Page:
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African American Music Appreciation Month: Music that speaks to us all, at all times

African American music has been the conscience and guiding light for the nation

On June 7, 1979, President Jimmy Carter decreed that June would be Black Music Month. Thirty years later, the first black president of the United States renamed the observance African American Music Appreciation Month - and that observance continues this month marked by a proclamation from the current occupant of the White House. For me, as a black man steeped in the varied musical traditions of the black church in America, going on to pursue a career in classical music, my understanding of the depth and breadth of musical contributions by African Americans to our country flourished much later than one might expect.  

As an undergraduate student at the University of Connecticut, I struggled greatly to balance my musical heritage with my chosen field of study which was centered in eighteenth and nineteenth century European music. While I had a talent for classical music, it was challenging to actually see myself in the music in a way that allowed me to bring my whole self to my performances. The hallmark of the greatest singers of any musical genre is often encapsulated in the singer's ability to personalize what they are singing and project that experience and the accompanying emotions to their audience. I could not figure out how my life experience was valid as I approached the music by the great composers of Western music.  

On October 7, 1997, my perspective would forever change. I witnessed one of the final solo recitals of the great operatic soprano, Leontyne Price. Witnessing operatic royalty perform a program full of the standard art song and operatic repertoire was truly enrapturing. But it was a selection that I had never heard before that revolutionized my appreciation for my own blackness within the classical genre. Miss Price performed a setting of the Langston Hughes poem, "Minstrel Man" by composer Margaret Bonds. Bonds was one of the first black students to study piano at Northwestern University in the 1920s. She would later meet Hughes in the 1930s and a fruitful artistic relationship developed. It was Hughes' text and Miss Price's unique reading of the text as Bonds set it melodically that spoke to the very core of my own artistic being.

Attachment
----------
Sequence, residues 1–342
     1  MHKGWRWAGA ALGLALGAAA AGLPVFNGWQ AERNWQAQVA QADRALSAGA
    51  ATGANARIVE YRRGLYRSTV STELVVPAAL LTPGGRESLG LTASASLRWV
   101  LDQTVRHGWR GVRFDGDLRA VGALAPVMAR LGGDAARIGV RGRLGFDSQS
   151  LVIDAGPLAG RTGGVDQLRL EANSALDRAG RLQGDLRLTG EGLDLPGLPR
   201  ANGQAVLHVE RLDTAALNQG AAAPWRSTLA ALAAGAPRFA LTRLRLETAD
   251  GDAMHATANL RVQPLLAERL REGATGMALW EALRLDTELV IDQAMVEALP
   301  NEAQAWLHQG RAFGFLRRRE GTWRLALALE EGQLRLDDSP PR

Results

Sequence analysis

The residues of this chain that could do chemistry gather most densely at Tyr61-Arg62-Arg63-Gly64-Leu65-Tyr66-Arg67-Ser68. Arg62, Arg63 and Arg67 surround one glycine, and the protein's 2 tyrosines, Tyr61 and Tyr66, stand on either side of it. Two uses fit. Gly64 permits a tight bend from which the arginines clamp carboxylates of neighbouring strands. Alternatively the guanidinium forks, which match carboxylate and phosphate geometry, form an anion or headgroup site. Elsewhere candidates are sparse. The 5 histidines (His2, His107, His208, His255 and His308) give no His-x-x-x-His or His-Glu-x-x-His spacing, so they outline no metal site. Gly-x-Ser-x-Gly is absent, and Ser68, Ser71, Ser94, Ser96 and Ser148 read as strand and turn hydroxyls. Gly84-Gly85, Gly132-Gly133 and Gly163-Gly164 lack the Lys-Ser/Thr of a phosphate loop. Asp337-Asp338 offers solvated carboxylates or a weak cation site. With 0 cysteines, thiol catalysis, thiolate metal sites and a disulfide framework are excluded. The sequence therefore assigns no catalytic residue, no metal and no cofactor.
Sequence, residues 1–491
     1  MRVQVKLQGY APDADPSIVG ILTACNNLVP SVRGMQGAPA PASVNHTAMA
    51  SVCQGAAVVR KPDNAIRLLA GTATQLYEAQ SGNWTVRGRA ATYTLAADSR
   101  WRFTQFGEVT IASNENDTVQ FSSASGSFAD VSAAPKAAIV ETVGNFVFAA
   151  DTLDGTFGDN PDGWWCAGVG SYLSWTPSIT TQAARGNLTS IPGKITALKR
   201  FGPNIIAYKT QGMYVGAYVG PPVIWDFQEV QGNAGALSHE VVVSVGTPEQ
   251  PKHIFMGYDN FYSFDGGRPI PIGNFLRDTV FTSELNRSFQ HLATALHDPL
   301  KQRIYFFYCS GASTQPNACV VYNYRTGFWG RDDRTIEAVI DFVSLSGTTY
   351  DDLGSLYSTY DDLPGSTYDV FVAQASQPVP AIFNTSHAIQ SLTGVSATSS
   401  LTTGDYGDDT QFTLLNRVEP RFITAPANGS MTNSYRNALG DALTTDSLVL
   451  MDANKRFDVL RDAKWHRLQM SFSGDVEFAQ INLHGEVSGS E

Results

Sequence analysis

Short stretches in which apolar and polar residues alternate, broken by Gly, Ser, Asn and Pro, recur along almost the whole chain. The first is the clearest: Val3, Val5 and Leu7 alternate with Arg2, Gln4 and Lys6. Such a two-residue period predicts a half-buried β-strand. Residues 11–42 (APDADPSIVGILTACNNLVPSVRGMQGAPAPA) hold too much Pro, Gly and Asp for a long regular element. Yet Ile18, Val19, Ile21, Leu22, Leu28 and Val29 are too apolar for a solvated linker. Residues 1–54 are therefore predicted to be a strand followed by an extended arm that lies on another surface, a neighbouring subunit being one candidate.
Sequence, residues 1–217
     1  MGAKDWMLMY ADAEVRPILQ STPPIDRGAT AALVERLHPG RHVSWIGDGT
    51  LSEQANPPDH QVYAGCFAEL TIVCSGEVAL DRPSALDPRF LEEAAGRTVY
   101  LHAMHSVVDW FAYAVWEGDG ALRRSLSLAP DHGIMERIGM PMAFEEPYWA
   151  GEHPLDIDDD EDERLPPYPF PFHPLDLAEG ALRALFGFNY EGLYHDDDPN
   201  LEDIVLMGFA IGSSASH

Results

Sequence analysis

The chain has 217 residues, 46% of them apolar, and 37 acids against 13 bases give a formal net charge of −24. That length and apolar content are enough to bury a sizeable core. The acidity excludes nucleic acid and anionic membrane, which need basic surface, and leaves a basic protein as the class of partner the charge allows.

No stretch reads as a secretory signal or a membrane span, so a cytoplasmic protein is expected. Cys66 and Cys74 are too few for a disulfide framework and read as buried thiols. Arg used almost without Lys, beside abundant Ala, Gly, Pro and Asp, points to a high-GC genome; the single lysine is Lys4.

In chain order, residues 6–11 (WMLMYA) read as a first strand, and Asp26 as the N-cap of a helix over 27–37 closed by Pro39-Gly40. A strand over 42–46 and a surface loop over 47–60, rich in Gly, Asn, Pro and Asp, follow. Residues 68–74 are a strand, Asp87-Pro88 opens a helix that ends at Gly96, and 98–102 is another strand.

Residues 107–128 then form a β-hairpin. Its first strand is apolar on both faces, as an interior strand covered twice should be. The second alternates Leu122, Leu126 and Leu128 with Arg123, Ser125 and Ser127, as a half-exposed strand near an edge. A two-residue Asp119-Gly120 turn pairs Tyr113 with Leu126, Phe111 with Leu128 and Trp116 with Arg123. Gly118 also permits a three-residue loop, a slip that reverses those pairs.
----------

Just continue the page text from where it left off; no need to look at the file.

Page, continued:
Because my mouth Is wide with laughter

And my throat Is deep with song,

You do not think I suffer after I have held my pain So long?  

Because my mouth Is wide with laughter,

You do not hear My inner cry?

Because my feet are gay with dancing,

You do not know I die?

This text spoke to just how misunderstood I felt as a classical performer. Bonds' harmonic language - which in this piece is full of blues idioms - within a classical construct made me feel at home musically. You see, Gospel music, the genre I loved most until I began studying classical music has its foundations in the blues. What I discovered that night is that black contributions to music were not restricted to popular and religious musical genres, but extended to the concert hall as well. In that moment, I understood that my experiences, my journey, and my unique perspective were as valid as any in whatever genre I chose to perform.  

At times, African African music has been the conscience of a nation. At other times, African American music has been a guiding light during our nation's darkest hour. Most importantly for me, African American music has been a source of strength and inspiration when my identify seemed under attack and my presence in certain spaces was perceived as a threat. In his 2016 proclamation commemorating African American Music Appreciation Month, President Barack Obama noted that African American music and musicians have helped the country "to dance, to express our faith through song, to march against injustice, and to defend our country's enduring promise of freedom and opportunity for all." In that spirit, I salute African American musicians for their indelible contribution to the evolution of our country and for providing a source of pride for people of the African diaspora throughout the world.

Albert Lee

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